The mission of the Global Small Business Network (GSBN) is to strengthen and build the long-term competitiveness of the micro, small, and medium-sized enterprise (MSME) sector. The GSBN has four core objectives:

  1. Develop, strengthen, and connect a global network of MSME assistance programs based on the proven U.S. Small Business Development Center (SBDC) model which generates measurable economic impact.
  2. Connect thousands of SBDC centers and their professionals to facilitate increased collaboration, communication, and sharing of best practices which will drive continuous improvement.
  3. Open global markets for millions of SBDC clients and empower them to take advantage of trade and investment opportunities within the GSBN.
  4. Promote increased MSME innovation and technology commercialization opportunities with university research partners.


The SBDC Model Drives the GSBN

The SBDC model provides the GSBN with a common MSME assistance methodology that is efficient, scalable, and most importantly generates economic impact. The proven SBDC methodology has been successfully adapted and adopted to every imaginable context, from fast-growing urban centers to rural communities with significant development challenges. The one common denominator is that the SBDC model always generates results.


Why is the GSBN Important?

MSMEs are key drivers of job creation and broad-based economic growth for every country. Countries that do not utilize the SBDC methodology will have a fragmented, ineffective, and inefficient MSME assistance program that is focused on activities and not results. The GSBN initiative, which is supported by the U.S. Department of State, aims to build a common MSME infrastructure that:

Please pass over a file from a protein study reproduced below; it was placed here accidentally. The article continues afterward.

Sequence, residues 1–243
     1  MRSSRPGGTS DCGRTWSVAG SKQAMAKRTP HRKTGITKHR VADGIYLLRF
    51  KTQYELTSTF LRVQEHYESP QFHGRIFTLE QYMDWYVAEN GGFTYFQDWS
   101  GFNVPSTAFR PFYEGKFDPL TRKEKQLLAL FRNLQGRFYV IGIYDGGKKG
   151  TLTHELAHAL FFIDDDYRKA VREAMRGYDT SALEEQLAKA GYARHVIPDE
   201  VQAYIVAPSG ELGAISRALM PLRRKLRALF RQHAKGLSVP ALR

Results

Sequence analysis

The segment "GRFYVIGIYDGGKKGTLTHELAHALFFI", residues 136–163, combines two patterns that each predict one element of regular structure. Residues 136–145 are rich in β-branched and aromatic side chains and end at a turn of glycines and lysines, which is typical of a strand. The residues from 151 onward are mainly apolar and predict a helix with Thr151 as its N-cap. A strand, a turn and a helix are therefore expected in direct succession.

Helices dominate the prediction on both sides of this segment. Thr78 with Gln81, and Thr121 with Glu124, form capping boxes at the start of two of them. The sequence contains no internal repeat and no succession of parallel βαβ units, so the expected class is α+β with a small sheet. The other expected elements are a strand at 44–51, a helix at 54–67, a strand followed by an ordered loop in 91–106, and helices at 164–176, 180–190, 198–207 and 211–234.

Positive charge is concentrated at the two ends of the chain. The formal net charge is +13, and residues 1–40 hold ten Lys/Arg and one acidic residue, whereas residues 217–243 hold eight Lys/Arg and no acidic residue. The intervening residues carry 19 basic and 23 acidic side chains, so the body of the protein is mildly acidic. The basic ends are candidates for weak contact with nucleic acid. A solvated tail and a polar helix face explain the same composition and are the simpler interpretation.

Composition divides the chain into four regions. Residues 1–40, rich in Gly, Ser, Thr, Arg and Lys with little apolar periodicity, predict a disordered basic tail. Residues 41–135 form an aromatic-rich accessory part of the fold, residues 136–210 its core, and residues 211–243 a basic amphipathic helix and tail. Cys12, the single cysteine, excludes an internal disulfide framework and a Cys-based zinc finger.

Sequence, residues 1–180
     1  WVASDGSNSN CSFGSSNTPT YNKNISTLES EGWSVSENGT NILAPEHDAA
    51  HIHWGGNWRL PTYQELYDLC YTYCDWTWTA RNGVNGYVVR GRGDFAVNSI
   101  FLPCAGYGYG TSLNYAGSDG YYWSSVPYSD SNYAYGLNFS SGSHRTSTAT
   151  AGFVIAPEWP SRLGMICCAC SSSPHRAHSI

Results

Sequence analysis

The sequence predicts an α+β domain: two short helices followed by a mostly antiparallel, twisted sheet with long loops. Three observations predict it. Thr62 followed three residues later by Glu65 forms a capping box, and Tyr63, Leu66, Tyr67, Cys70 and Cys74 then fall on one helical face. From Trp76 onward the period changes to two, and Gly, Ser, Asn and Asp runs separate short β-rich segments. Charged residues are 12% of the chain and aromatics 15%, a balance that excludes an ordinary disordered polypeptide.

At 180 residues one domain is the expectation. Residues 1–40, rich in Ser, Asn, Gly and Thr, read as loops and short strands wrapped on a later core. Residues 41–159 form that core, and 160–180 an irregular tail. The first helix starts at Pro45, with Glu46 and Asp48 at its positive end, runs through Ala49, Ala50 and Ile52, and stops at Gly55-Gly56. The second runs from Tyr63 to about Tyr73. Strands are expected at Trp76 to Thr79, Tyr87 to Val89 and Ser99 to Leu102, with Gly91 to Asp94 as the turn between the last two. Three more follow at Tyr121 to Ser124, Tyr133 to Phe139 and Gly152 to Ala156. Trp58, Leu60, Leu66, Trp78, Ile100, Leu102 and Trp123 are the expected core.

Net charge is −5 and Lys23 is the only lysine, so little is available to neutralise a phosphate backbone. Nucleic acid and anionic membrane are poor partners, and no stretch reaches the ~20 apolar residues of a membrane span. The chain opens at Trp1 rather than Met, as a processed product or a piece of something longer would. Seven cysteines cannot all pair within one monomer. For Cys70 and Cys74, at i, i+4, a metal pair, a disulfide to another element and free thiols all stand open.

• Improves MSME start-up and scale-up performance which results in increased sales, access to capital, promotes productivity and long-term competitiveness, and that creates and saves jobs.
  • Focuses available MSME assistance resources into a single program that reduces inefficient duplication and fragmentation as well as produces a positive return on investment for taxpayers.
  • Generates economic opportunities that will reduce the informal economy, poverty, inequality, unemployment, and delinquency which drives illegal migration.
  • Empowers marginalized groups such as women and youth entrepreneurs, informal businesses, rural and agricultural producers.

Participating countries administer and finance their own SBDC networks from domestic resources, typically from the national government Ministries, with matching funds from universities, local agencies, NGOs, and private sector sources. This approach allows for an integrated and sustainable public-private-academic partnership structure that is cost effective.

The grand vision of the GSBN is to tie together and internationalize the world’s small business assistance programs and their millions of MSME clients using a common SBDC operating system. This will allow SBDC networks, their centers, advisors, clients, and university hosts to connect with one another for learning, trade, investment, and technology commercialization opportunities that will create massive results.


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